By the time, Meyer was writing there was a 15 year old literary vampire romance tradition although much of it appears under the radar and to little fanfare. To dismiss Twilight as vapid, bad literature which is unsuitable for women is to recycle the arguments made against Gothic romance centuries ago. And, a few years after the boom years of Twilight there does not seem to be a generation of women who want an abusive, controlling boyfriend who force them to choose marriage over university – which was the scare story regarding the Twilight readership. What is more interesting is to ask as Dr Crawford does: Why vampires? Why now? Why Twilight? These were the suggestions given by the talk:
Since John Polidori modelled his vampire on Lord Byron himself, the vampire has been synonymous with the Byronic hero. Paranormal romance takes the Byronic vampire and exaggerates these features taking the Ur-plot of romances to a hyperbolic level. The vampire of romance is: wounded, damaged, strong, powerful, rich, cold, hard, and handsome. He has Old World values combined with the animalistic desire for blood and his tortured soul literalises emotional ‘living death’.
The different humans rights movements of the late 20th century prioritised the idea of equality (in the sense that we can all live like white, straight, middle-class, cis-gendered, men) but also the right to be different. As we move closer to the realisation of the equal rights (?), paranormal romances offer a way of exploring how to live differently.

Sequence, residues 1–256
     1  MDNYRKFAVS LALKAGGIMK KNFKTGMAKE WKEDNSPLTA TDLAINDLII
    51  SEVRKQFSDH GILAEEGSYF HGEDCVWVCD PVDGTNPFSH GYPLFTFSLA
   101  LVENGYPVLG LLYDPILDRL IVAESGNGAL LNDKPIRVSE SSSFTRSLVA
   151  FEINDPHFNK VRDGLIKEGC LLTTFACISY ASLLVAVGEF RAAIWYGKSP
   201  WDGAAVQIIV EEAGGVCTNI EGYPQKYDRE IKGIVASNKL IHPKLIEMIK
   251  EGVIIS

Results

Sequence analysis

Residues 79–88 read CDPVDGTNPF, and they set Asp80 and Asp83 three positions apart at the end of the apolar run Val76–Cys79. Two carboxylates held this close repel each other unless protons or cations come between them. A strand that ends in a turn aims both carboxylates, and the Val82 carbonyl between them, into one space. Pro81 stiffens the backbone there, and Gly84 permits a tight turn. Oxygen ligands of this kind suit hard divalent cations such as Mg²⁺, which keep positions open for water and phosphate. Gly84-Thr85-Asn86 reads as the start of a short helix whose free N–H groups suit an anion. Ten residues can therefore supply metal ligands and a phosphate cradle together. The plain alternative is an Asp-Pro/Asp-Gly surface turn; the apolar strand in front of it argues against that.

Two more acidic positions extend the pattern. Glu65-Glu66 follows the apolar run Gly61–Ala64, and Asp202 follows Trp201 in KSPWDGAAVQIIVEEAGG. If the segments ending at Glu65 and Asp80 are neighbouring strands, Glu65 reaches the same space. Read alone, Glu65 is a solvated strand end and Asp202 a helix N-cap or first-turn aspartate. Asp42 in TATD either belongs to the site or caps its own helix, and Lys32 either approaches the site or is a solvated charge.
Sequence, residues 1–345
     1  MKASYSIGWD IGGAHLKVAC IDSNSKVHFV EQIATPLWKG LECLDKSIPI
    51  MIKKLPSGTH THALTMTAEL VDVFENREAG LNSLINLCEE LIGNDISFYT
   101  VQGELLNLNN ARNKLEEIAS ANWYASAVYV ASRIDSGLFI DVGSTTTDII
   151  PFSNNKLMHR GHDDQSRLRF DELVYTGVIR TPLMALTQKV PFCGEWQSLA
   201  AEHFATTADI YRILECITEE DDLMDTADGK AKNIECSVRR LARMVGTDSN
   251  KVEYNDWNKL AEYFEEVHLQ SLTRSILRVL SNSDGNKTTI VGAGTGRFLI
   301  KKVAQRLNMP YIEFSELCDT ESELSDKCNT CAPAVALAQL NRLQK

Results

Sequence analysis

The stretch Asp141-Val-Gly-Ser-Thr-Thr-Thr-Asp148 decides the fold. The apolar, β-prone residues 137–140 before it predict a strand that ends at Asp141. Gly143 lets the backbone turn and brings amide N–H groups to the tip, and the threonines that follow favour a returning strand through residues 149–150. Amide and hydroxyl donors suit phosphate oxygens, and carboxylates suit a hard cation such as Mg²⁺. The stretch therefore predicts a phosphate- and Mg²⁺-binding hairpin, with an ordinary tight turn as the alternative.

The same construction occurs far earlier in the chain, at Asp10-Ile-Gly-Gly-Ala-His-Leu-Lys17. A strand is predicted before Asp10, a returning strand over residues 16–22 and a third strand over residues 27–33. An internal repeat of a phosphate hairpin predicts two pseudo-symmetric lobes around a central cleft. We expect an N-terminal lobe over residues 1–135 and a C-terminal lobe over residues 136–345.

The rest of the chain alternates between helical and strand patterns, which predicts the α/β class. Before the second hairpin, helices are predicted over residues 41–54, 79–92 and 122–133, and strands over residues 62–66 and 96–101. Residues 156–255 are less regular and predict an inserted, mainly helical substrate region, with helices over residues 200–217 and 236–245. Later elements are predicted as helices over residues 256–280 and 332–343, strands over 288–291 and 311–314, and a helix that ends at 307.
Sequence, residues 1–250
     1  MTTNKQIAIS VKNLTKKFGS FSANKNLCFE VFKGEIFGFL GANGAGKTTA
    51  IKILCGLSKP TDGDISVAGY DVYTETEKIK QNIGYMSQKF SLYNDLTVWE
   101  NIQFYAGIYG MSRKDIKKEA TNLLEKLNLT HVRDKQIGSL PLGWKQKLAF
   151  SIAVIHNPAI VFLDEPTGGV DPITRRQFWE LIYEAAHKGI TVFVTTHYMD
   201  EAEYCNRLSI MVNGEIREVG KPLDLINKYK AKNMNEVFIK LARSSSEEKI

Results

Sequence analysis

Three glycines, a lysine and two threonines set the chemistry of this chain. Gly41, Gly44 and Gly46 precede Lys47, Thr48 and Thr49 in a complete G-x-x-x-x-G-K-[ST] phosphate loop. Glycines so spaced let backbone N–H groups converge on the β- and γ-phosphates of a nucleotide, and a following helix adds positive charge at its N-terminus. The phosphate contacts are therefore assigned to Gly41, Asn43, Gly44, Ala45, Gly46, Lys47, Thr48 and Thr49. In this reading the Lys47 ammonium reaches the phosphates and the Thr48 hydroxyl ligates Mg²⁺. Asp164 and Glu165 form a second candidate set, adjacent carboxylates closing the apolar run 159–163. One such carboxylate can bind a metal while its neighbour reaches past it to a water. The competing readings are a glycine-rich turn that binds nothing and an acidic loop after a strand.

In terms of feminism, the idea of liberated female sexuality is only tolerated in a private sphere and so long as it does not ask for social change on a public level. Paranormal romance offers a space to explore female fantasies without engaging with the wider political arguments.
The presentation of the teenager has often been related to low-level alienation which is something that has been capitalised on in YA literature. Combine this with the new ways of mass distribution in the publishing world which came with the success of the Harry Potter franchise, and you can give young adults easy and quick access to the books that reflect this feelings. Twilight was published at just the right time to make the most of this atmosphere.
Meyer always stated that she was not interested in Gothic horror and vampire stories. Thus her works seem peculiarly naive and often invert certain vampire tropes, ie, that vampires get stronger as they get older and cannot go out in the sunlight without dying. (Although, let’s just remember that Count Dracula could walk in the sun). This gave the text an appealing sincerity. The big selling point of Twilight though was that it was wish-fulfilment par excellence – the equivalent of James Bond for the guys. (Although, I appreciate that people of both genders enjoy Twilight and James Bond equally and the there is not sex chromosome for fandom). The internet meant that consumers of the novels and films had somewhere to share their interest allowing it to flourish beyond its limited first release.
Hopefully, this gives an adequate overview of what was discussed. Certainly, I will be buying the book and perusing it at my leisure. This was a refreshing discussion of the power of the Gothic and its many incarnations – even the sparkly ones.